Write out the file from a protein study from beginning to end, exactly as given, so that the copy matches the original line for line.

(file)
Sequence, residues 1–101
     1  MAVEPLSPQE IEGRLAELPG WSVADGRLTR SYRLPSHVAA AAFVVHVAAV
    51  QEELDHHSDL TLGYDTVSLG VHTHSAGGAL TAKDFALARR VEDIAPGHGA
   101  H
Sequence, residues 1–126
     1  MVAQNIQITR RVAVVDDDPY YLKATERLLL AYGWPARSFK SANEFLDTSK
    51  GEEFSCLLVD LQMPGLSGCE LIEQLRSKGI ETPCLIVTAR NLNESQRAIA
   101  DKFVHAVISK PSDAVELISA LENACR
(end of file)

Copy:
Sequence, residues 1–101
     1  MAVEPLSPQE IEGRLAELPG WSVADGRLTR SYRLPSHVAA AAFVVHVAAV
    51  QEELDHHSDL TLGYDTVSLG VHTHSAGGAL TAKDFALARR VEDIAPGHGA
   101  H
Sequence, residues 1–126
     1  MVAQNIQITR RVAVVDDDPY YLKATERLLL AYGWPARSFK SANEFLDTSK
    51  GEEFSCLLVD LQMPGLSGCE LIEQLRSKGI ETPCLIVTAR NLNESQRAIA
   101  DKFVHAVISK PSDAVELISA LENACR